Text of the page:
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Encryption is a process that modifies information in a way that makes
it unreadable until the exact same process is reversed.
You enter a secret key; it then garbles the contents of files with
lightning speed and then renames the files to random numbers while keeping
the real names internally. The files can only be viewed when decrypted
using the exact same key.
Private Encryptor™ offers 4 different encryption schemes:
- Stealth Media - An algorithm developed specially for large media
files, images, video and executables. These files are encrypted by
short bursts of random numbers optimized for speed but still providing
- Fast Encryption - A fast general purpose encryption based on a
sequence of random numbers that is as long as the input file.
- DES - In 1972 the National Bureau of Standards (NBS) asked for
proposals to encrypt commercial computer data traffic (just like the
data in your PC today). In 1974, the NBS asked the National Security
Agency (NSA) for assistance. One of NSA's primary functions is the
development and breaking of data protection techniques (codes and
ciphers). An algorithm developed by IBM became the Data Encryption
Standard (DES) and was issued by the National Bureau of Standards in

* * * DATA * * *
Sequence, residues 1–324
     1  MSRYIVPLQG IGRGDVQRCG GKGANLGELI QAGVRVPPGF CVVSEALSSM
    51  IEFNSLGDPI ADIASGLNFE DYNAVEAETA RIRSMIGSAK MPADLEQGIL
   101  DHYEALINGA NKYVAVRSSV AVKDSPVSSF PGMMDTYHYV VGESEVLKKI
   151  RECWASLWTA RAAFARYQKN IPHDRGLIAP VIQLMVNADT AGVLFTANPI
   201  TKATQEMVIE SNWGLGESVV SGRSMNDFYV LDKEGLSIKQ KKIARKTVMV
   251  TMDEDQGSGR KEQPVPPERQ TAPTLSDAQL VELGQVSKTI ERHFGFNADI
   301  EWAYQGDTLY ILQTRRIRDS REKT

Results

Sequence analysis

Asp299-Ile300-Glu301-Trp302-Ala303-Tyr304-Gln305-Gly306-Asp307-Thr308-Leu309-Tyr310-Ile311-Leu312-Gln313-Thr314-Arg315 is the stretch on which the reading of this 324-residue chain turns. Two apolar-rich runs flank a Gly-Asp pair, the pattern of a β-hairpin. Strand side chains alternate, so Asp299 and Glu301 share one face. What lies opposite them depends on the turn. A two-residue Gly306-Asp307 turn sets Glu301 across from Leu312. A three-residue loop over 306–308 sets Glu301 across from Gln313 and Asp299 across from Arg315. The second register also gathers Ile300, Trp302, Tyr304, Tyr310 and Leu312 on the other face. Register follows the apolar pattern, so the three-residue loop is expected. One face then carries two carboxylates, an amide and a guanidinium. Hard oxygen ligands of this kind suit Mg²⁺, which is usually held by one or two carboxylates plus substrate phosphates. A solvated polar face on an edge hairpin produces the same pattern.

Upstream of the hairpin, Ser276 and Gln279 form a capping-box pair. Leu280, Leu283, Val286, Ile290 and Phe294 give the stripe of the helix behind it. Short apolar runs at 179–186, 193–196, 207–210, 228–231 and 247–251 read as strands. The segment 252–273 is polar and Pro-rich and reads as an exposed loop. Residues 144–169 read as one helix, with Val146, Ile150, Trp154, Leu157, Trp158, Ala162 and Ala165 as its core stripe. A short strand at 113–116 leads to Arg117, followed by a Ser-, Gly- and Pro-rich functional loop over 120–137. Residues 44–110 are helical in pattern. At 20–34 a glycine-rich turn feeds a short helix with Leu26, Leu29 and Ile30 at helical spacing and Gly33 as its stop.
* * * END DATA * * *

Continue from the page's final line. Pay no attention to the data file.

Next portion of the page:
1977, providing an approved and secure standard for protecting
computer data against possible theft or unauthorized access. The
designers of the DES algorithm maintain that the time needed to
decrypt a DES encrypted file makes it unprofitable to use trial and
error techniques as it has 72 quadrillion possible key combinations.
Blowfish - a symmetric block cipher that can be used as a
drop-in replacement for DES or IDEA. It takes a variable-length key,
from 32 bits to 448 bits, making it ideal for both domestic and
exportable use. Blowfish was designed in 1993 by Bruce Schneier as a
fast, free alternative to existing encryption algorithms. Since then
it has been analyzed considerably, and it is slowly gaining acceptance
as a strong encryption algorithm.
In addition you can get the Strong
Encryption Package and add the following strongest encryptions
The Data Encryption Standard (DES)
was developed by an IBM team around 1974 and adopted as a national
standard in 1977. Triple DES is a minor variation of this standard. It
takes a 192 bit key (24 characters) as input and breaks it into three
keys. First, DES is used to encrypt a file using the first key. Then the
file is decrypted using the second key. The final step is to encrypt the
file again using the third key. Note that if all three 64 bit keys are the
same, Triple DES is identical to regular DES. However, if used correctly,
this method of encryption is much more secure than regular DES. The
key size is 192 bits (24 characters).
Blowfish 448 bits
Blowfish is a symmetric block cipher
that can be used as a drop-in replacement for DES or IDEA. Blowfish was
designed in 1993 by Bruce Schneier as a fast, free alternative to existing
encryption algorithms. Since then it has been analyzed considerably, and